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Showing posts from December, 2014

Boston Cuddliness!

I just wanted to share a couple pictures of our super-cuddly Boston Terrier, Lily. She is the funniest dog, when it comes to getting cuddled up in blankets. She's seven years old, and for years, we'd find her buried under blankets in the morning, never quite sure how she'd get herself under them so well. We now know that she will paw at the blankets, pull them with her teeth, and move them around so that she can duck her head under the edge and then nudge her head under the blankets, farther and farther until she's well underneath. It's so funny to watch! She can be so persistent. In the first picture here, she had a pretty easy time of getting between the layers of blankets to cuddle up. In the second picture, she was just cuddled up next to my daughter, asleep, covered in her blankets, of course. We think she is just the cutest!

Decimal Problem Solving

I like to do a lot of problem solving with my students, usually having them work together so that they can model for each other and share/listen to each others' thinking. For the past two days, most of my math classes have been working on "Party Planning," which is the problem pictured here.  Students worked with one or two partners, to come up with combinations of foods that "Reggie" could buy for a party. I love listening to the kids' conversations as they work on things like this - "No one eats pretzels," "I'd choose candy and chips over pretzels," and so on. The students had a few important questions for me, though, as they were pretty serious about this planning:  Is this a "regular" party or like a sleep-over party, because the kind of food would depend on how long the party is."  "How big is the container of ice cream?"  "How big is the bag of candy?" And then there were a few other ideas,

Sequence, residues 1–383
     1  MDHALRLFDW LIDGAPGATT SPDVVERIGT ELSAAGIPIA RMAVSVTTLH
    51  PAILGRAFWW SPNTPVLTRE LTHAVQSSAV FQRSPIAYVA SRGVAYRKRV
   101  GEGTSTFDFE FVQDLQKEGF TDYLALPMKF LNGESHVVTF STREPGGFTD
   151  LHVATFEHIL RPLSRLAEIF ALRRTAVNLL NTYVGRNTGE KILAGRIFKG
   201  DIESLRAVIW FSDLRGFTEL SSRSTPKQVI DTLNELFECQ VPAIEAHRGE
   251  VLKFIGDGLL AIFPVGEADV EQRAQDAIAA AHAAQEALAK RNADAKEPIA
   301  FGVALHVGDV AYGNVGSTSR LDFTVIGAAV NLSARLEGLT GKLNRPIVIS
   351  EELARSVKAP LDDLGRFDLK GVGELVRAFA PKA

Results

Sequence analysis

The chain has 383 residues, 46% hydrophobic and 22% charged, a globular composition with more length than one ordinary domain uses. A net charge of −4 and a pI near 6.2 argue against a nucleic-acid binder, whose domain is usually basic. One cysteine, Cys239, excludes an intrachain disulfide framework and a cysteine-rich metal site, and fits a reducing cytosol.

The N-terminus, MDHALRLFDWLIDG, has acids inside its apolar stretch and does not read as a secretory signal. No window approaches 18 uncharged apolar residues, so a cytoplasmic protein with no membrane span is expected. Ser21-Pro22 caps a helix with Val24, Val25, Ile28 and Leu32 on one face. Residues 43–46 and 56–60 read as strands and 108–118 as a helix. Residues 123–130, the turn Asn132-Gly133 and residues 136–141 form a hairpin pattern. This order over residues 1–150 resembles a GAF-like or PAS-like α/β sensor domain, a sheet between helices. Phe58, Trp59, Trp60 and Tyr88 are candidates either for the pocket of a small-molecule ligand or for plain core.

Decimal Operation Help!

We've been spending a bit of time on decimal operations. I have five math classes, and in four of the five, our work with decimal operations has gone pretty well. There are a few students who are still mixing up their rules - when to line the decimal point up and when not to. When to count the digits behind the decimal points and when not to. However, in the fifth math class, there are many students who are not "getting it," even though did work with decimal operations last year. Part of the not getting it, I believe, is due to the fact that they don't actually look at their answers and think about whether or not they make sense. For example, many students will take a problem like 18.9 - 8 and get 18.1 as the answer....and they don't notice that it doesn't make sense to take 8 from 18 and still have 18 left. We've had discussions, gone through so many examples, and they've practiced the operations individually (and did very well when adding and subtr